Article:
These healthy puffed quinoa tahini bars are sweetened only with dates, and filled with pepitas, pistachios, and a little cinnamon. Topped off by a layer of dark chocolate, they’re just right for snacking or as a not-too-sweet dessert. Skip to the recipe →
Still no kitchen over here – we ripped the old one out last week, and my uncle and cousin came to help us out. Due to unforeseen circumstances (i.e. our total lack of experience with renovating) we took most of the day to frame in, insulate, and drywall the existing cement wall and didn’t have time to install the new kitchen while they were here. My cousin is an electrician and completely redid the electrical in the house, and he has to finish that in the kitchen before we can get everything in, so it’s waiting another week.
Right now we don’t have a stovetop, because it was gas and we capped the line, so it’s toaster oven only for a couple of weeks. One week down, one to go! It’s fine. I have a bunch of new stovetop-free recipe ideas for you now and didn’t realize how much I rely on it, even when roasting or baking part of a meal. We also didn’t hook the kitchen sink back up to the drainage pipe, so there’s a bucket under the sink for a very low tech grey water system. Fascinating, right? Don’t you love the new skip to recipe button at the top of (some) posts?
That’s all food related, though, and this recipe is reflective of 1. not having a stovetop now to test recipes with, and 2. not wanting to share oven-friendly recipes because I know my toaster oven is way off with temperature and cooking time. We don’t need unreliable recipes around here. These puffed quinoa tahini bars are no bake all the way, and we’re moving into warmer weather in any case now. (I also got a chunk of the garden in today, more on that another time.)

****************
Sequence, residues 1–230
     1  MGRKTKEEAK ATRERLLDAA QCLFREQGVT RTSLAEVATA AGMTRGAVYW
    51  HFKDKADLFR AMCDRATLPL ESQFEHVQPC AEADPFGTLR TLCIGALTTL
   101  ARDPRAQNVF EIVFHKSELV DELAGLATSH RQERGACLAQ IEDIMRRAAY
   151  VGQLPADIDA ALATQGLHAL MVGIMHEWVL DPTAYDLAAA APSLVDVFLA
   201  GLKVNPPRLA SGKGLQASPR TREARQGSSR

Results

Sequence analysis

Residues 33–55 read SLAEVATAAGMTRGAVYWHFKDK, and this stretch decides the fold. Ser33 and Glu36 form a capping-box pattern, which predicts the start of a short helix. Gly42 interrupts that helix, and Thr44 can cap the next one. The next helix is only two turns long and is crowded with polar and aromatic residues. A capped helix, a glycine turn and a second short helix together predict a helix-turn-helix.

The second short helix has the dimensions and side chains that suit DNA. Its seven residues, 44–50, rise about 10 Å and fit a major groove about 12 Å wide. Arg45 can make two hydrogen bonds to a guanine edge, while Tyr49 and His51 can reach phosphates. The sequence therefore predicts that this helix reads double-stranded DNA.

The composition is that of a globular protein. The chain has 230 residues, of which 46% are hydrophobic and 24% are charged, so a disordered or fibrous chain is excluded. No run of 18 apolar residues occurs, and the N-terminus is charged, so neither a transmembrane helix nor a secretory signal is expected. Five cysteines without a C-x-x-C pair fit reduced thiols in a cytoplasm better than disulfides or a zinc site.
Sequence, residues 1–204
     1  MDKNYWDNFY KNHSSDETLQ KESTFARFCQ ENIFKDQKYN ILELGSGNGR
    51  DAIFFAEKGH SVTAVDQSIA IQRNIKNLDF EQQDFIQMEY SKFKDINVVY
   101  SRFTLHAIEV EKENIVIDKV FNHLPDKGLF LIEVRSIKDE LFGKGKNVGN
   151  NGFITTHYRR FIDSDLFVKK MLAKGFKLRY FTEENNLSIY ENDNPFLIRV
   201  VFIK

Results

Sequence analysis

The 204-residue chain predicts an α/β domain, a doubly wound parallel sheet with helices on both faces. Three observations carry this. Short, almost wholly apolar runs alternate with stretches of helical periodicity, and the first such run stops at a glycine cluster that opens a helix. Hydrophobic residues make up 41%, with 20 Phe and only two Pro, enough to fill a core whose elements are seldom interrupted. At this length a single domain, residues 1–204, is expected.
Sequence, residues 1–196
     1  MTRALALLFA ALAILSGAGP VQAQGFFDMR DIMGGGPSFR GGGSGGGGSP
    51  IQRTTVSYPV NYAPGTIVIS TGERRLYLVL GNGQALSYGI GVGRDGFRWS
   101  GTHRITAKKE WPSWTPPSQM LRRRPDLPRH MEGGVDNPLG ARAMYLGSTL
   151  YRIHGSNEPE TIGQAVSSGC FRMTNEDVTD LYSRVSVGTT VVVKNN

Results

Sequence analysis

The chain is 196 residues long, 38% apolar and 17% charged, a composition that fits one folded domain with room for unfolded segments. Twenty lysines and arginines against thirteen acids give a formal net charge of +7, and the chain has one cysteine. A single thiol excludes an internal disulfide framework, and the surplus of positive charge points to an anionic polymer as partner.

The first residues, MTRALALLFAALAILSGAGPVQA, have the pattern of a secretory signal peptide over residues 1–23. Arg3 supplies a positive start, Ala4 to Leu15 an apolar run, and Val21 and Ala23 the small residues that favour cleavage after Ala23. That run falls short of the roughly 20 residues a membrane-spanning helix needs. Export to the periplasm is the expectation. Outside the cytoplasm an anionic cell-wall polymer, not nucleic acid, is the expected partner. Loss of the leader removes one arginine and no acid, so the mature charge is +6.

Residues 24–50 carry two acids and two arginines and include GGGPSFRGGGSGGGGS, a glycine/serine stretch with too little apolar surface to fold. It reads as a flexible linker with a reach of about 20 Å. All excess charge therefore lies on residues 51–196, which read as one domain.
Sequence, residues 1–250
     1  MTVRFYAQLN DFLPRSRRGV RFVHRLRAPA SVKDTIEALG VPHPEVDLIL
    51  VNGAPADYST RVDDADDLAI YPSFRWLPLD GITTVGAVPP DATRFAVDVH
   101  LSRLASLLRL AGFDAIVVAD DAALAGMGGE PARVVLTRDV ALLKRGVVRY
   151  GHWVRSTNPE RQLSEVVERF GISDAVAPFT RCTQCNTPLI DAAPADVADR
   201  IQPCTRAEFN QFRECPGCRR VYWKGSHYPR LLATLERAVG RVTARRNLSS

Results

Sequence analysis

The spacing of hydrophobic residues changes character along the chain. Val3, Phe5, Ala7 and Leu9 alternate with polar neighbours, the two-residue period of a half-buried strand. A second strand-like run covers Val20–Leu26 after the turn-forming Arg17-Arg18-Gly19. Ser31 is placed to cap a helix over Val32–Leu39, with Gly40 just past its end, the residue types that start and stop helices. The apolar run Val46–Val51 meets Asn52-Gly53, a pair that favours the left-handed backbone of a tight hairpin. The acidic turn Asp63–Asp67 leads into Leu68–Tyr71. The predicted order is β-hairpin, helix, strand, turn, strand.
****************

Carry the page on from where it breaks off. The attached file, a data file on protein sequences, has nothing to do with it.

Some of you might know my chocolate puffed quinoa bars, which are a bit simpler than this tahini version. These follow the same base concept, but I’ve switched out the nut butter for sesame paste, added in some green in the form of pistachios and pepitas, and ditched the cacao in favour of a chocolate topping. We’re sticking with dates for sweetening, no honey or maple syrup needed.
I’ve been making that recipe with different add-ins for years, but this version is the best one so far. It’s also completely plant-based (vegan), gluten free, and sugar free depending on the chocolate you use. Win, win, win.
A good bit of cinnamon, combined with the tahini and pistachios, turns these quinoa bars into a more complex and adult snack. The first time I made them I was skeptical as tahini can be so bitter, but it works. It’s not crazy sweet by a long shot, but a bit, and very smooth and well rounded. If you like Persian and Levantine flavours, these are for you – or just if you’re a fan of tahini. That being said, of course you could sub it out for another nut or seed butter if you really want to.